Here we will explore a Qlik Sense app that analyzes IoT data. There is “much ado” made of the new technology trend, the Internet of Things, otherwise known as IoT. Google defines the Internet of Things as
The interconnection via the Internet of computing devices embedded in everyday objects, enabling them to send and receive data.
Statista predicts that by 2020, IoT embedded devices will surpass 50 billion units. So this is obviously a trend that is here to stay.
They Don’t Need Us
We are used to our personal devices that provide directions or relay the news to us. Most of the devices in our life are in our possession or otherwise assist us directly.
The IoT does not want or need us.
In IoT networks, devices speak to each other or to centralized servers. Their sole mission is to collect and transmit very limited and specific data. This gets stored into large databases and then automated algorithms take over to adjust settings or the data is mined and analyzed by AIs or possibly humans. IoT sensors are currently being put in all sorts of places including:
- Your home thermostat
- Parking meters
- Water and other resource management facilities
- City streets and highways
- Embedded in your neck (just kidding about that one…or am I?)
OK, Then What
This mass data collection will create great need for quick and useful tools to process and analyze the data, which is where Qlik Sense fits in. Platforms that can provide focused solutions that solve problems of volume, automated analysis and timeliness (ie. real-time analysis) will be the leaders in this space. Where does Qlik Sense fit into the IoT?
Qlik Sense and IoT
I thought it would be interesting to take some IoT data and create a Qlik Sense app from it. This does not do much to solve the challenges I mentioned, but hopefully this will at least give us a glimmer of what is possible with this kind of data.
City Pulse – Traffic Monitoring and Infrastructure Analysis
The partners of the CityPulse EU FP7 project collected and published several IoT datasets for the public for analysis projects. I pulled this data down to build out this application. Hundreds of road sensors were installed in Aarhus, Denmark. They monitor passing cars and speed between observation points. Although there were several months of data available, I pulled only one set for this application. The central table contains only 4 million records. Traffic information is incredibly tangible to everybody who has been in a car and allows me to feature “pretty maps” so I found it to be a great use-case for IoT analysis. Here we will just do screenshots and commentary of some of the sheets. Feel free to download the application to further explore the use-case. Note, most of the maps will not be available unless you have Qlik GeoAnalytics. IoT City Pulse.qvf I was thinking one of the use-cases for this data would be to alert people when a sensor was down or there was a stop in traffic. The points that had no records for the latest time have been isolated. The second part of the alert screen displays the total traffic volume for the day and then trended by hour. The next sheet analyzes the overall traffic. The heat map below shows the areas of the city with the most traffic. I imagined that a user might want to look at one particular stretch of road. This sheet allows users to select a stretch and then look at its traffic flow and statistics. There is a great option in Qlik GeoAnalytics that lets you add an arrow when a start and end point are utilized. This sheet allows users to compare days of the week, slice data by AM/PM and examine hourly traffic. The colors of the radar chart were poorly chosen here (by me), but it sure does look cool. The last sheet examines the disparity between directions of traffic. Why does the traffic flow smoothly in one direction but not the other? Identifying roads with the highest disparity is the starting point. Then we can examine individual points on the map to possibly come up with reasons why.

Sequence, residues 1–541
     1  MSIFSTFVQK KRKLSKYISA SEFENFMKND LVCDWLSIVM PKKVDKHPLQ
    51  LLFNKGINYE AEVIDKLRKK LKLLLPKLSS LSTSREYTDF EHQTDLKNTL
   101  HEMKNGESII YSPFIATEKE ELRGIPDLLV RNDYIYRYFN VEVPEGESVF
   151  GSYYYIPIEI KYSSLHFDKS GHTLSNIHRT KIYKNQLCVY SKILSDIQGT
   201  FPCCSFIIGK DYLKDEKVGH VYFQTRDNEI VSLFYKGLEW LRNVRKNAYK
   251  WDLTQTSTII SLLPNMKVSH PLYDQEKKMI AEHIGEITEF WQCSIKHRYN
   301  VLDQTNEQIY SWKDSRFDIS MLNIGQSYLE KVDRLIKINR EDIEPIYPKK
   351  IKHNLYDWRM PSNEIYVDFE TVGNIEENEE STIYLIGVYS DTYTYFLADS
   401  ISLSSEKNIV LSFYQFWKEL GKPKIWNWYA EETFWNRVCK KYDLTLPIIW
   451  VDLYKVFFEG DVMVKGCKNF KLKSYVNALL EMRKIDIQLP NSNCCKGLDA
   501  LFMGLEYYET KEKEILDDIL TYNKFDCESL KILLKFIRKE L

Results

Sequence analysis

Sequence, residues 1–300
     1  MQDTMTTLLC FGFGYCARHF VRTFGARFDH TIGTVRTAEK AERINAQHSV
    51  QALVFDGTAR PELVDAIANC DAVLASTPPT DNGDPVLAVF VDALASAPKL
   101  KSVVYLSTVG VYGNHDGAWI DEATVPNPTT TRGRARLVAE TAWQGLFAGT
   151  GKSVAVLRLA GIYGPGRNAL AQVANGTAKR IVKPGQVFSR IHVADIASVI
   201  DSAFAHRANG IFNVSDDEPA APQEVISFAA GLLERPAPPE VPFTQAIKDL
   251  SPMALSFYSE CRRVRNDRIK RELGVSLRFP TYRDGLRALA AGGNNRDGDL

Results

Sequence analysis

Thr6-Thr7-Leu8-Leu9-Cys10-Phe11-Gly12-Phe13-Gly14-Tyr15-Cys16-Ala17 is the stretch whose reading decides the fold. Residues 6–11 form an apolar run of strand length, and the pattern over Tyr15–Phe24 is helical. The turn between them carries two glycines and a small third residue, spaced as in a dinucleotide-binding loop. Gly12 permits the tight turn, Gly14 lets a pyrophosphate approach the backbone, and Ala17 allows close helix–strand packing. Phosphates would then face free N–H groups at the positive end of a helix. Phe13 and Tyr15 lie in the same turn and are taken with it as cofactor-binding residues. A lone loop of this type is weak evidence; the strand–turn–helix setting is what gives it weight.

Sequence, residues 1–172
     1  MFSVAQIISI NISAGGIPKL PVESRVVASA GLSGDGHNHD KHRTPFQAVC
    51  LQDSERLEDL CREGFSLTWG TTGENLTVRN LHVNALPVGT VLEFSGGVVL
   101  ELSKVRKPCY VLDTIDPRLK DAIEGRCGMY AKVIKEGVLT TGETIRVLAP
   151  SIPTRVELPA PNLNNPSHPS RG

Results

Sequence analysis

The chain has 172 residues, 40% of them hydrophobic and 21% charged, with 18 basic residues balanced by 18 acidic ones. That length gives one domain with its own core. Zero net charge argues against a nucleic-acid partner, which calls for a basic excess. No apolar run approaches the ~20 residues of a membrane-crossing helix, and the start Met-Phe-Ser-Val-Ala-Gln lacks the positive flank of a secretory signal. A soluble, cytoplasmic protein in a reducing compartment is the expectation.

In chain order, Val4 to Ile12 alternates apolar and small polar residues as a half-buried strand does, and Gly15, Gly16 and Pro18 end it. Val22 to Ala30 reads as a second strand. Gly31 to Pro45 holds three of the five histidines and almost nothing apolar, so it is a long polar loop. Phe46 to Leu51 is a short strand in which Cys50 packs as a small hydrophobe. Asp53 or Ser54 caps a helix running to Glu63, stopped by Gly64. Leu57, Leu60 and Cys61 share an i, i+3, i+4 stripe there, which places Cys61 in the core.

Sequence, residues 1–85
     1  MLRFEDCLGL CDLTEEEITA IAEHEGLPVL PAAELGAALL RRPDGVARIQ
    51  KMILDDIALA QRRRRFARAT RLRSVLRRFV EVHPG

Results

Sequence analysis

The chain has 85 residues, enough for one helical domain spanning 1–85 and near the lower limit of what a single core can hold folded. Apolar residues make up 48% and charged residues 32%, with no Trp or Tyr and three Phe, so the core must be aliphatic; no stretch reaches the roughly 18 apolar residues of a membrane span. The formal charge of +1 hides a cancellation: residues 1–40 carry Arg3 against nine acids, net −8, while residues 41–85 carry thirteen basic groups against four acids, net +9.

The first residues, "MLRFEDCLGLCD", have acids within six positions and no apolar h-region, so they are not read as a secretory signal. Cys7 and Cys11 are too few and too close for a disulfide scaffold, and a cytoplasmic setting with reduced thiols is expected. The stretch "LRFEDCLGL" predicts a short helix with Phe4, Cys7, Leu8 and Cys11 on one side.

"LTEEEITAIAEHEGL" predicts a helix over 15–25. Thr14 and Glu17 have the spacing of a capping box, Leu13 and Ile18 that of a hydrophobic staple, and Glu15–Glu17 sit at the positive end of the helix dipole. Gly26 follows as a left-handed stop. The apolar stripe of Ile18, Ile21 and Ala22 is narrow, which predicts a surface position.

The app is available for you to download here: IoT City Pulse.qvf Note, most of the maps will not be available unless you have Qlik GeoAnalytics. The data sources can be found here: CityPulse Dataset Collection In addition to Qlik Sense, I also utilized GeoAnalytics (requires a license) and several free extensions: Line Widgets – Thank You Hector Munoz! Interactive Radar Chart Simple KPI
As I said earlier, there are many real challenges in dealing with Internet of Things data as it relates to Qlik Sense. I do believe we have all the tools but it would be worthy of a deeper explanation. With that said, my mind was reeling from the possible applications of this kind of data in all sorts of use-cases. As these sensors continue to decline in price, I can only imagine the ramifications in our world. What are your thoughts on the Internet of Things? Is it a fancy buzzword or is there something deeper? Happy Qliking!